Worth the read? Yes. A dying man reminiscing about a lost love sounds sad and cliche, but while the former is definitely true, the unique way Hannah weaves this story makes it fresh and unpredictable. 

{a YA novel with all the feels} Everything, Everything by Nicola Yoon. I’m not a seasoned connoisseur of YA, but to me this was the epitome of the genre: a teenage girl is confined to her home because of a rare illness, and she’s learned to accept her fate. Until one day, a moving van shows up at the house next door and deposits a boy who seems destined to shake up her existence. If that doesn’t scream YA novel, I don’t know what does. And yet, despite it feeling very apropos of the genre, it didn’t seem cliche or overwritten, and the teenagers to me felt like real (if slightly precocious) teens. 
     Worth the read? Yes. If you want a quick read that will give you all the feels, pick this one up for sure. My only complaint is that I predicted the ending, and I hate it when that happens. 

{mysterious death and family secrets} Everything I Never Told You by Celest Ng. This novel begins by pronouncing that Lydia, the teenage daughter of a Chinese American family living in small town Ohio during the 1970s, is dead. Lydia, the middle child of the family, was viewed as a golden child, and the one who was destined to live out her parents’ hopes and dreams. When her body is found floating in a nearby lake, the search for answers leads to unearthed family secrets, unspoken dynamics, and destructive choices.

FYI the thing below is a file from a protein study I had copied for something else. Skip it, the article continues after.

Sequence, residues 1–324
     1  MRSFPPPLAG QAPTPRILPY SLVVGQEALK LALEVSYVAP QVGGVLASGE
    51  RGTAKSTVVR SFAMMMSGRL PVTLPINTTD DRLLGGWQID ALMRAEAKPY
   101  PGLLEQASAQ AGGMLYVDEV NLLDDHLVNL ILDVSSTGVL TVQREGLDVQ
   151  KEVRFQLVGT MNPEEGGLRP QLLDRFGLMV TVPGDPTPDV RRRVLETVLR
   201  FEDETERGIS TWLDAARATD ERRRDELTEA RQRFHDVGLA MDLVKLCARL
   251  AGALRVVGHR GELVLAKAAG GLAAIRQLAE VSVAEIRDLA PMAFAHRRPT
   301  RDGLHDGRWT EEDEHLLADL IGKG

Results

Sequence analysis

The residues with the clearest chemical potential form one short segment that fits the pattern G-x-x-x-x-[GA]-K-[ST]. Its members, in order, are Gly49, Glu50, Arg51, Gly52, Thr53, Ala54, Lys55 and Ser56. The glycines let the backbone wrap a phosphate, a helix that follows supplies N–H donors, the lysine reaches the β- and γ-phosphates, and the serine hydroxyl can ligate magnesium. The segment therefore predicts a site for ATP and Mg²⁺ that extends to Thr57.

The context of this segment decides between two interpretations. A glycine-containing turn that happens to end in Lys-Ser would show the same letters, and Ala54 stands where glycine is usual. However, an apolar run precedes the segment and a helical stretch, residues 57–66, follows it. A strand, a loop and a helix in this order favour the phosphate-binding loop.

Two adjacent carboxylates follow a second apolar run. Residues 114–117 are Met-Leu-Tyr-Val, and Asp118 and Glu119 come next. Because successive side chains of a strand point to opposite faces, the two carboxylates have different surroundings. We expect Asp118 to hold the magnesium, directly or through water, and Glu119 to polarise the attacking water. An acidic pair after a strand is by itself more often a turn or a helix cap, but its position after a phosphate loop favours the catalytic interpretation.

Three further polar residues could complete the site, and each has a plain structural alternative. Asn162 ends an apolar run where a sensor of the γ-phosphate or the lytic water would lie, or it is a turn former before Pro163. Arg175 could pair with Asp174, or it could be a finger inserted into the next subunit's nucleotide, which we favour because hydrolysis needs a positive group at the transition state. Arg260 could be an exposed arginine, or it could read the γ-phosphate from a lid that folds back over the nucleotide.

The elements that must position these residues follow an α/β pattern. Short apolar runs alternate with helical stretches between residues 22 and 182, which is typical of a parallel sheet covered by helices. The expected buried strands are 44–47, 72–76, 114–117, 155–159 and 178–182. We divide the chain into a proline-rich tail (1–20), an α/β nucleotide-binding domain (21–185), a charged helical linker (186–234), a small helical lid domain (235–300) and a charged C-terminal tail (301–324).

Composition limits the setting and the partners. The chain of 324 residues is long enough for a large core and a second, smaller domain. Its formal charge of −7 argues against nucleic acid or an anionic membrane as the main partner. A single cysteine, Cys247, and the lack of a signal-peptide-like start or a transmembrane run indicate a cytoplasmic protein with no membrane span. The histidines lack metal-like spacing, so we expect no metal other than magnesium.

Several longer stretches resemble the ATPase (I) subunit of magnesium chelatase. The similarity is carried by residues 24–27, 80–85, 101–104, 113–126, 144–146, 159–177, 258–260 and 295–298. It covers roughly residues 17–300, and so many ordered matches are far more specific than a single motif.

Worth the read? Maybe. This novel has a lot going for it; the characters are well-written and developed, and I felt like it was an authentic portrayal of many of the challenges families face. However, for me, having characters to root for is important, and I struggled to find that here. Also, I just wanted to beat my head against a wall as the story progressed; I desperately wanted this family to just talk to one another, dang it. All in all, I found this book frustrating, yet worth the read all the same. (Does that make sense? I think it’s a good book, I just struggled with it.) 

{Abandoned} 

I never used to quit books, but as I’ve grown older, I’ve adopted a “life is too short for bad books” philosophy, and I no longer feel guilty for setting one aside when it’s clearly not for me. I started listening to Girl Through Glass by Sari Wilson on audio, and I couldn’t get into it. The person reading the audio version had a voice that I found annoying, so I know that was a factor, but even past that I just couldn’t get into the plot, or attached to the characters. I can’t say that it’s a bad book, it’s just not the book for me. 


{recent reads: for the energetic toddler}


Need some ideas for books to read to your toddler? Here are 4 books that we really enjoyed this month. Click through to learn more about them.

If you’re looking for…

{a funny, non-annoying rhyming romp} The Great Sheep Shenanigans by Peter Bently. Lou Pine is a scheming wolf who is determined to have himself a tasty lamb for supper. But Rambo the Ram is onto the wily wolf and his plans and is having none of it. Lou continues to plot, and his efforts continue to get hilariously spoiled.